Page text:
The people related to the missing person's maternal grandmother (who are the candidates for getting mtDNA to compare to that of the missing person), are connected with heavy lines in the pedigree chart below. The 10 living relatives eligible for testing are shaded.

Who's Related by mtDNA?

mtDNA chart

Mitochondrial DNA could be used to confirm that two brothers with the same mother who died in a crash were related, but not to distinguish the brothers' remains from each other in the way that nuclear DNA could. In theory, mtDNA could be traced back to the first "mitochondrial Eve," a woman whom scientists have tried to pinpoint. However, controversy exists regarding the usefulness and accuracy of molecular clocks used to date when a mitochondrial Eve might have lived. (Molecular clocks are based on assumptions about how regularly DNA mutations occur.)

Links and Books

Web Sites

NOVA Web Site—America's Stone Age Explorers
In this companion Web site to the program, consider who or what killed off the mammoths and other megafauna 13,000 years ago, view a gallery of images of Clovis artifacts, peruse an Ice Age North American map to learn more about pre-Clovis sites, and match Stone Age artifacts to their uses.

Center for the Study of the First Americans
Contains articles on theories regarding the peopling of North America.

Clovis and Beyond
Includes articles on possible coastal migration routes and the Solutrean-Clovis link.


Adovasio, Jim and Jake Page. The First Americans: In Pursuit of Archaeology's Greatest Mystery. New York: Random House, 2002.
Challenges the theory that the Clovis people were the earliest settlers of the Americas.

Dixon, James E. Bones, Boats, and Bison. Albuquerque: University of New Mexico Press, 1999.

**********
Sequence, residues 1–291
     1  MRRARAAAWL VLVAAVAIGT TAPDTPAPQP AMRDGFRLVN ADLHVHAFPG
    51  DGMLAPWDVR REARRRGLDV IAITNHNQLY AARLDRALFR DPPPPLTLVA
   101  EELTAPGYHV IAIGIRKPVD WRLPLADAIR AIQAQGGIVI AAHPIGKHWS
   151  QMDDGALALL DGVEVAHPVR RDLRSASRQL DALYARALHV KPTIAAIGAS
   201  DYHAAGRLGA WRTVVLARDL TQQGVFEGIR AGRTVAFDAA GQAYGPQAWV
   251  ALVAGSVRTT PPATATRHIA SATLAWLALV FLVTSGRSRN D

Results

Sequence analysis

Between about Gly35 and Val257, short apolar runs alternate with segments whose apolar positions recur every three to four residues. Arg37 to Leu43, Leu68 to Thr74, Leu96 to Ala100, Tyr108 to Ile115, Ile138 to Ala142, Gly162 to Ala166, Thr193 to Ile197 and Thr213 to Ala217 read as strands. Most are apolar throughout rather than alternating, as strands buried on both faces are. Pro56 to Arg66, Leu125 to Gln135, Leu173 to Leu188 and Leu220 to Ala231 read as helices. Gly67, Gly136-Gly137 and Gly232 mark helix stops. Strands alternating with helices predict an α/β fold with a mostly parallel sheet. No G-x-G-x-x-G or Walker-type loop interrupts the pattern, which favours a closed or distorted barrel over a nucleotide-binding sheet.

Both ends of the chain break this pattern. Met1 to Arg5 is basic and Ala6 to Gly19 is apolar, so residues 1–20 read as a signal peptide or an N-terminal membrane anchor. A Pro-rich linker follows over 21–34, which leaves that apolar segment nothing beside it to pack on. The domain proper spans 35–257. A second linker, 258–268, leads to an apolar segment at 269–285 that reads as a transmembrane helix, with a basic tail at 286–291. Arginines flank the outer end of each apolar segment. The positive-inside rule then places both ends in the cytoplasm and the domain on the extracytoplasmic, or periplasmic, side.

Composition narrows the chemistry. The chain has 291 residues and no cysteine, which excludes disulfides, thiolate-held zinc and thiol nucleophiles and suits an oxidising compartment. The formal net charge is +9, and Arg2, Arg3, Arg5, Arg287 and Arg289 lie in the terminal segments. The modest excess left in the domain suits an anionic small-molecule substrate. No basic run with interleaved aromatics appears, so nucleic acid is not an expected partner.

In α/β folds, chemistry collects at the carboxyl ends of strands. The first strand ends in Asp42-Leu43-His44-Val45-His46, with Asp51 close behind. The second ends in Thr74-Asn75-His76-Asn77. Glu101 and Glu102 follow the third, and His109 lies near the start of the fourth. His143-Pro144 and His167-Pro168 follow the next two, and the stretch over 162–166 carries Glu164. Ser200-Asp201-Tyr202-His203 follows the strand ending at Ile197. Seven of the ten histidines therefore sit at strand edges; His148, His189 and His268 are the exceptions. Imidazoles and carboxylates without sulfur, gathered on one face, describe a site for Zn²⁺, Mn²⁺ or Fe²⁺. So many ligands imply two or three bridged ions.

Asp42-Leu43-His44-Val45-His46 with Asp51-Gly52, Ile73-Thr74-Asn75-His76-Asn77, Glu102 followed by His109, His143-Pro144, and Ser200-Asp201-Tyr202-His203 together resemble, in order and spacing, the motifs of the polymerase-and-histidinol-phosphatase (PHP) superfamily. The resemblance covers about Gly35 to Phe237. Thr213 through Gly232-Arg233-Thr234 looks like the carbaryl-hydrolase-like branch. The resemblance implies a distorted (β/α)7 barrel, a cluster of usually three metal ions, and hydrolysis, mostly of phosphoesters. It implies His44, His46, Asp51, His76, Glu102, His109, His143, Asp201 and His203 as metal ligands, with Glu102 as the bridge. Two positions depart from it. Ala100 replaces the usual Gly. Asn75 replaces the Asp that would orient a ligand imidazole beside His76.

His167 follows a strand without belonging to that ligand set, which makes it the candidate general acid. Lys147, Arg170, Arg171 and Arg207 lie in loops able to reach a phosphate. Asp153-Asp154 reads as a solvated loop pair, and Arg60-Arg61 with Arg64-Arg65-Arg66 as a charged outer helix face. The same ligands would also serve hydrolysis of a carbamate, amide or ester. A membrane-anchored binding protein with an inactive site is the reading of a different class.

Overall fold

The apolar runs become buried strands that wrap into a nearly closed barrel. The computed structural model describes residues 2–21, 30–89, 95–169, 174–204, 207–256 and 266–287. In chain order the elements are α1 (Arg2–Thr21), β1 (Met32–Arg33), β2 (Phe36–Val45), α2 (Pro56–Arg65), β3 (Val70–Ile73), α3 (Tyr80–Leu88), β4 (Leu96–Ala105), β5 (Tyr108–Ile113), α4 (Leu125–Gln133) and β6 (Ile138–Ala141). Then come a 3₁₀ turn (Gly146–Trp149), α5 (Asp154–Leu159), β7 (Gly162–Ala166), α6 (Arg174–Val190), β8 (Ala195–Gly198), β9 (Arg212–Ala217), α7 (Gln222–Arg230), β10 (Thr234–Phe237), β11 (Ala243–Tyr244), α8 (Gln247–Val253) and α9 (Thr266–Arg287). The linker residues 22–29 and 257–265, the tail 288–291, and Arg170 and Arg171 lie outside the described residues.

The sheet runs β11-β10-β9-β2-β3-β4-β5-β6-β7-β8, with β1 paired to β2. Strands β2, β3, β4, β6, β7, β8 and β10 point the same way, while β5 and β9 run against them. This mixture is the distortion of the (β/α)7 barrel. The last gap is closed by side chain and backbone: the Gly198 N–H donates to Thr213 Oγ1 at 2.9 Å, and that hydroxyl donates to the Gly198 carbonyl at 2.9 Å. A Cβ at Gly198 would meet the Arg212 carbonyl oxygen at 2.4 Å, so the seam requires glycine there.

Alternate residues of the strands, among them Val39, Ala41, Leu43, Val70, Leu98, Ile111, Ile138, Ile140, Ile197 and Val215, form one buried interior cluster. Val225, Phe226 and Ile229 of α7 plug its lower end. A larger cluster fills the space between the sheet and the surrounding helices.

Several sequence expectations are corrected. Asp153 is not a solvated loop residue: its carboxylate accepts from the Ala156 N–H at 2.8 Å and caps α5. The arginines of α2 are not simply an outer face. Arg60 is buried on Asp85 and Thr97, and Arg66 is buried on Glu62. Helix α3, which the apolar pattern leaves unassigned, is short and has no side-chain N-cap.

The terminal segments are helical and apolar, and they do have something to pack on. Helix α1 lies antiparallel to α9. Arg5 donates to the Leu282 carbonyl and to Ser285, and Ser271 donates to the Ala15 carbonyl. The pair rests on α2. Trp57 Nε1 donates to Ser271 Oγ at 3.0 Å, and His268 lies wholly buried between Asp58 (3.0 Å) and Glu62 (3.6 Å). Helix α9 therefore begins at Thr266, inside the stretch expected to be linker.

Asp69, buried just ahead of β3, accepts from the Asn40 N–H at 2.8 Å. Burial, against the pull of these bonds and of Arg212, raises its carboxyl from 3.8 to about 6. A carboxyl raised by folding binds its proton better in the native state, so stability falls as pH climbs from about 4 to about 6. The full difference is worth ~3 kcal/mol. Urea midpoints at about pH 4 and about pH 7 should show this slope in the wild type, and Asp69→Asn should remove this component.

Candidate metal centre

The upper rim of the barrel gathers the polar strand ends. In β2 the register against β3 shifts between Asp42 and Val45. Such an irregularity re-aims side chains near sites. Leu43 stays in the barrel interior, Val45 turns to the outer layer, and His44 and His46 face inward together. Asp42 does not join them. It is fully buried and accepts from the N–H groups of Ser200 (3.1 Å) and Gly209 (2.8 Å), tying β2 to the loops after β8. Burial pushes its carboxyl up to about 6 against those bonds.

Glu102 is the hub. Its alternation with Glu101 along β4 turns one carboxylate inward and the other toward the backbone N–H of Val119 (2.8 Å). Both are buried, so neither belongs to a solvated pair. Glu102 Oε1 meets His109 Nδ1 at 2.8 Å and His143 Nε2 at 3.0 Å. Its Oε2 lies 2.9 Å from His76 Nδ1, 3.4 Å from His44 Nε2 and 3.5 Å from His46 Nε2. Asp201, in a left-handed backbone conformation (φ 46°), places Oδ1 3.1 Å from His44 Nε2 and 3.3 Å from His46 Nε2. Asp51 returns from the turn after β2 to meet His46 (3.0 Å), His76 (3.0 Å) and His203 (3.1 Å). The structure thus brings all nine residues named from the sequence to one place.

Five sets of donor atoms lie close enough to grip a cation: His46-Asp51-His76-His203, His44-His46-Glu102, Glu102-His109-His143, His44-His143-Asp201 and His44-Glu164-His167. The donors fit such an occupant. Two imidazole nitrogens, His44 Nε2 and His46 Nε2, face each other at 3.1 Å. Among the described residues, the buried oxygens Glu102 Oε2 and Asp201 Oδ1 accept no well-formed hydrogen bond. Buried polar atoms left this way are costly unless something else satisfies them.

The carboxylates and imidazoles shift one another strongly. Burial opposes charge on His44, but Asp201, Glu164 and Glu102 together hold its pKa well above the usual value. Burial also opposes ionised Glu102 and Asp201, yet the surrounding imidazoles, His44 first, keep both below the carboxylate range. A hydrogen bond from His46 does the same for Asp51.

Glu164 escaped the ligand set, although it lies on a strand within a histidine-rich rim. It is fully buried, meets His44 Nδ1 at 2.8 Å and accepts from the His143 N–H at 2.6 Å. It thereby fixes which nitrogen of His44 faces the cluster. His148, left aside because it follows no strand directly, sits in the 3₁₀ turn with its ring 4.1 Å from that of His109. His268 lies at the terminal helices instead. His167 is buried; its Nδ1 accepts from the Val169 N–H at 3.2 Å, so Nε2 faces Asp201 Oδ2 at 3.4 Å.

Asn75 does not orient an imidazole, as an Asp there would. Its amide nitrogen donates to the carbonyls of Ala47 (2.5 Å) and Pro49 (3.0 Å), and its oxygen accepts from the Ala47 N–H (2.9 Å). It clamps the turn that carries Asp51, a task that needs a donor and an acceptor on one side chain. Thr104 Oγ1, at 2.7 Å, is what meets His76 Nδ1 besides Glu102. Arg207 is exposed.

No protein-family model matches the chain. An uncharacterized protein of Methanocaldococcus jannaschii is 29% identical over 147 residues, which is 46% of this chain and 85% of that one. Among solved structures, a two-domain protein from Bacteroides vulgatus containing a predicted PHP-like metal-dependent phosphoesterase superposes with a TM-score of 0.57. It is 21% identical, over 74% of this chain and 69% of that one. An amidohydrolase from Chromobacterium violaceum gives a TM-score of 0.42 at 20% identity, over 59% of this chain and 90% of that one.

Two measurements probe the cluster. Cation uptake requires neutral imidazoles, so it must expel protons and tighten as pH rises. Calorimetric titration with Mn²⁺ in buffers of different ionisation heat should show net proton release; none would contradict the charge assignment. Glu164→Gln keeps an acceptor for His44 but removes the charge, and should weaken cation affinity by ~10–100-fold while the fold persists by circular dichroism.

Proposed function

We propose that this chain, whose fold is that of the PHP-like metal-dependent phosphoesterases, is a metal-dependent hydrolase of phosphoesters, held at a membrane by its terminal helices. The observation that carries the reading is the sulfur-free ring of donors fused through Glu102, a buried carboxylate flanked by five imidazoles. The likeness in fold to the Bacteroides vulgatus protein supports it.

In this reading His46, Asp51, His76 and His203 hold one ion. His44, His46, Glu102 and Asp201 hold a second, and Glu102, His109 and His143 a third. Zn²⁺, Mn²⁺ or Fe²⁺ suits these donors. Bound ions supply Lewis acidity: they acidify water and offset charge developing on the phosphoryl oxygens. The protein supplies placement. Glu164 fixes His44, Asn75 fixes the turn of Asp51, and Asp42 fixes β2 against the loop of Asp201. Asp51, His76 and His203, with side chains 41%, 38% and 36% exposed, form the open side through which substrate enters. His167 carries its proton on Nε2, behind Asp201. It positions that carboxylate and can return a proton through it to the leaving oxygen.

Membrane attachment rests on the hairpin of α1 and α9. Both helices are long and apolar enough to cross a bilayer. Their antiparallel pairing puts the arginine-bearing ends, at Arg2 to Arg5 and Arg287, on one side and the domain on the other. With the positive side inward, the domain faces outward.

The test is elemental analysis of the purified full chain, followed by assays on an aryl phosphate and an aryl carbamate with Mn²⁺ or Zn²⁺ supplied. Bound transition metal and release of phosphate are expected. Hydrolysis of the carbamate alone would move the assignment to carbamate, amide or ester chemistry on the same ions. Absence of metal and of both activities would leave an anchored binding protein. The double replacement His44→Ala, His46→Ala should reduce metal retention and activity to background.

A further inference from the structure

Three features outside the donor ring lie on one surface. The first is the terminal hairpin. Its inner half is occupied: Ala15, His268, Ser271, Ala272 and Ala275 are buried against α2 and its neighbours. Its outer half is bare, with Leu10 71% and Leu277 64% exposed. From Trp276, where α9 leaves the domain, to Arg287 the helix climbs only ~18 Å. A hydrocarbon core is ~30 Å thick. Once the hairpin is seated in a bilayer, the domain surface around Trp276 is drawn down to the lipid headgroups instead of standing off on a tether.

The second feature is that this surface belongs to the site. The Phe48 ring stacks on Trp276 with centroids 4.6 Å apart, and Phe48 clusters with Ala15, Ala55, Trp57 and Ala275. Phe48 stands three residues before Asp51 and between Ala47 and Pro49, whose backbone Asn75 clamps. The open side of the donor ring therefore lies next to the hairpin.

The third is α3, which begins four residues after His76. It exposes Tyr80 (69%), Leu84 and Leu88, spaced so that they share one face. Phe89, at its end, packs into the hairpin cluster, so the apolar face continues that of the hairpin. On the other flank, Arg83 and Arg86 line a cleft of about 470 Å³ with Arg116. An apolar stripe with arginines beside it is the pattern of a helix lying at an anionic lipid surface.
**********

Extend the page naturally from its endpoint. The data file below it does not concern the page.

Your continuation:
Argues that the earliest humans in North America were not big-game hunters following mammoths across the Bering Land Bridge but rather general foragers colonizing the New World.

Tankersley, Kenneth. In Search of Ice Age Americans. Salt Lake City: Gibbs Smith, 2002.
Draws on fieldwork worldwide to try to reconstruct the daily lives of the earliest Americans.


The "Hunt for mtDNA" activity aligns with the following National Science Education Standards:

Grades 5-8

Life Science

Science Standard C:
Life Science

Reproduction and heredity:

  • Reproduction is a characteristic of all living systems; because no individual organism lives forever, reproduction is essential to the continuation of every species. Some organisms reproduce asexually. Other organisms reproduce sexually.

Grades 9-12

Life Science

Science Standard C:
Life Science

The molecular basis of heredity

  • In all organisms, the instructions for specifying the characteristics of the organism are carried in DNA, a large polymer formed from subunits of four kinds (A, G, C, and T). The chemical and structural properties of DNA explain how the genetic information that underlies heredity is both encoded in genes (as a string of molecular "letters") and replicated (by a templating mechanism). Each DNA molecule in a cell forms a single chromosome.

Classroom Activity Author

This classroom activity originally appeared in a slightly different form in the companion Teacher's Guide for NOVA's "Last Flight of Bomber 31" program.

Teacher's Guide
America's Stone Age Explorers

Video is not required for this activity
Park Foundation, Sprint, Microsoft
Park Foundation Sprint Microsoft